In 2018, America's Patriotism Reflects History
In divided times like these, it’s hard to gauge one’s true feelings about this country of ours. Does my opposition to the people in power end with them, or does it go deeper into the very fiber of our institutions? Can my criticisms be construed as contempt for the United States? How does one separate the country from the people governing it? These are questions that many Americans inevitably ask themselves as they just cannot bear to pick up the paper for fear of what some people are doing to their beloved land. So that forces us to ask, what does it mean to be patriotic in 2018?
This issue is especially relevant during the Olympics, when citizens put aside their differences to come together and support their fellow countrymen who have persevered to the international stage. Citizens in my hometown of Rocky River, Ohio have put aside petty political differences and cheered on our own Red Gerrard as he won a gold medal in men's Slopestyle. But this years Olympics have a slightly tainted tone, as I discussed in my previous article 2018 Winter Olympics: Politics at PyeongChang, as members of the Trump administration distract fans from the pageantry of the events.
When you’re innocently trying to watch men’s figure skating and the announcers inevitably bring up the public spat between skater Adam Rippon and Vice President Mike Pence and your head instinctively falls into your palm, does that make you un-American? Or are you just tired of the partisanship that you’ve had to put up with the past 13 months and, correctly, thought the safest place from political division would be the men’s figure skating semifinals at the Winter Olympics? People aren't unpatriotic, they’re just fatigued.
There was a point for many people after the election when they were all fulfilling their civic duty and doing their best to expose the problems they saw playing out in national politics. Not everybody had the platform necessary to effect a change, but they did what they could. They retweeted, posted, commented and a select few even summoned the strength and the forty-five seconds necessary to actually call their representatives. But then the news just kept going, despite our best efforts. The news kept piling up and it became so difficult to keep up on a day-to-day basis, let alone risk whiplash by trying to look back and remember what happened last week.
But being patriotic does not mean rejoicing when one of Trump’s policies gets struck down by the Supreme Court. Nor does it mean throwing a military parade for the defeat of Democratic policies. Schadenfreude is not patriotic, hell it’s not even English. What is truly American is the willingness to come together as a nation to fight for those things that we can all agree on (and yes they do exist). For example, as a nation we protect our children. Whether those children are citizens or not, as Americans we recognize our responsibility to protect these kids who have grown up in America and enjoyed the same freedoms and breathed the same air as any natural-born citizen. Now, as the debate over what to do about Dreamers gets underway, it is actually possible to see some unity in Washington. It’s more rare than an eclipse, so grab your crazy, good-every-40-years-glasses and enjoy these fleeting moment of bipartisan care for our nation’s most vulnerable. That is patriotism.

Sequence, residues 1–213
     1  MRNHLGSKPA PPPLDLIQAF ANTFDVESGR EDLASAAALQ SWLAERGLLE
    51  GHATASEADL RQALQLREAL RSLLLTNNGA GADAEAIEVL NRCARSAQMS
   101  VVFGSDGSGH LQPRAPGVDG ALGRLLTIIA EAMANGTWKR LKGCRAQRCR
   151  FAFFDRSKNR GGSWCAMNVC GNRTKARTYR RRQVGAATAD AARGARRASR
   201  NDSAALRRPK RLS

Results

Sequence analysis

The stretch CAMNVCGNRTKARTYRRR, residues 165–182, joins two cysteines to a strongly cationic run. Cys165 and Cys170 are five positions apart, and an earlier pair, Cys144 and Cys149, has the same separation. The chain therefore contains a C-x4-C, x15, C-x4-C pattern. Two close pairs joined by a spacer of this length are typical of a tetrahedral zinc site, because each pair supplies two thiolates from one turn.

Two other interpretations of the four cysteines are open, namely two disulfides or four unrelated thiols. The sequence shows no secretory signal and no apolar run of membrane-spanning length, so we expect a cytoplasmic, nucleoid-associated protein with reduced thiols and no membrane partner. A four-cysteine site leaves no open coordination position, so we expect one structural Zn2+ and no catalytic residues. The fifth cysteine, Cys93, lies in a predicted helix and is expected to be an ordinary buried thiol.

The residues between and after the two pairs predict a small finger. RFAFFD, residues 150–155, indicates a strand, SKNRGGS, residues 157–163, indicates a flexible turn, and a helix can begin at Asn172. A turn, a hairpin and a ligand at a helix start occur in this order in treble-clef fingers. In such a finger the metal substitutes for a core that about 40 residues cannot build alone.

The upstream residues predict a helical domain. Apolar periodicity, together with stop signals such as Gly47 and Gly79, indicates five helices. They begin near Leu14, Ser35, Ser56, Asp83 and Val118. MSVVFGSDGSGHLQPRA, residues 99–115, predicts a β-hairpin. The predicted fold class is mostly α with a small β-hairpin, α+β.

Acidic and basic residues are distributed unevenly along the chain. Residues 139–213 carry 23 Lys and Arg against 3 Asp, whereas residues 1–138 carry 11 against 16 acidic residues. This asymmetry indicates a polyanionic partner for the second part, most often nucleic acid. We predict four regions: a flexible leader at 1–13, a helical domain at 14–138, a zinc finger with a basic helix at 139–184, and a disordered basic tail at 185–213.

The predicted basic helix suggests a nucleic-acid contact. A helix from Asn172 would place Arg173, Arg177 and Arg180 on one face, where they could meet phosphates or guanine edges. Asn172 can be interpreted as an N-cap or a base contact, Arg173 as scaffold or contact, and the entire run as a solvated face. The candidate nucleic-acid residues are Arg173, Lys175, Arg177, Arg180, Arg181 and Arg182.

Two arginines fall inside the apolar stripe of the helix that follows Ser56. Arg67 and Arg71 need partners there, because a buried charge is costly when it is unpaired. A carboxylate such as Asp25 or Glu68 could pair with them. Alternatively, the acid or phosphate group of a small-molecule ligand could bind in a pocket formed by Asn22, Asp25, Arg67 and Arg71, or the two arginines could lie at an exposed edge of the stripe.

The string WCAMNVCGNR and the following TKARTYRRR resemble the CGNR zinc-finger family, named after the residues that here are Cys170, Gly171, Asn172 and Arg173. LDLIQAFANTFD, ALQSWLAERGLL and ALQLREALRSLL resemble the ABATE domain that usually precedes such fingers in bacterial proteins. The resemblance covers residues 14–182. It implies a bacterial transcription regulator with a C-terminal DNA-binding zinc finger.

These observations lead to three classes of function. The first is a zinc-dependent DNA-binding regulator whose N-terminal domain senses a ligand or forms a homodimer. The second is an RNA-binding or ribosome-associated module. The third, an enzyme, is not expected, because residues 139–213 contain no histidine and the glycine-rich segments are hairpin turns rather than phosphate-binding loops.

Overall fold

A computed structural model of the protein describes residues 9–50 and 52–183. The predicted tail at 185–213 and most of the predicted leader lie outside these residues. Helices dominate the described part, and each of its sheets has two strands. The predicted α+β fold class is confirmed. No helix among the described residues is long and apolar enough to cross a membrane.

Party politics are not patriotic. It is not in the tradition of the United States to declare your values, only to throw them away when you elect somebody who betrays those values. We are Americans damnit. If somebody is not looking out for our best interests, we don’t just sit back and pretend to change our position. We get off our asses and throw some tea into a harbor. If you’ve lived your life clinging to the notion of a limited national government, you cannot suddenly become complacent with the idea of the government telling you what foods to eat if you need its assistance to survive.
Being American means standing up for what you believe in, not just resigning to the whim of a leader you only elected because he almost sounded like what you wanted. “When in the Course of human events, it becomes necessary for one people to dissolve the political bands which have connected them with another,” does not translate today into “just lie down and take it for another four years and maybe you’ll get a nice tax break out of it.” Somewhere along the way, maybe with all of our modern day distractions (yes I’m 20 years old and I’m already saying that), we as a nation lost our passion for government.
But what is the answer? How does one go beyond quoting a New York Times article with outrage and then simply going back to the day-to-day? Simply put: there needs to be compassion. When Donald Trump was first elected, I was talking to a friend of mine who didn’t really care one way or another. “Nothing is gonna happen to us,” he said. And he had a point. Being white, middle-class millenials from the suburbs, there weren’t terribly many threats or incentives offered to us in the immediate future during the campaign. But that is exactly the attitude of passivity that has bread the lethargic attitude towards government and the nation as a whole. As Americans, every fight is our fight. Whether or not you will be directly affected by the administration’s plan to slash the budget for public schools, somewhere down the line it will have an impact on you. If you’re planning on sending your kids to private schools (which will get increased funding in said budget plan), what about your nephews and nieces? Your friends? Your future coworkers? We cannot simply sit back and watch as every house on the block is decimated while our own lawn remains lush and full.
Being compassionate does not mean being complacent. Regardless of what party is in power or what you are registered as, there are always ways that our country can improve. Even Rome fell eventually.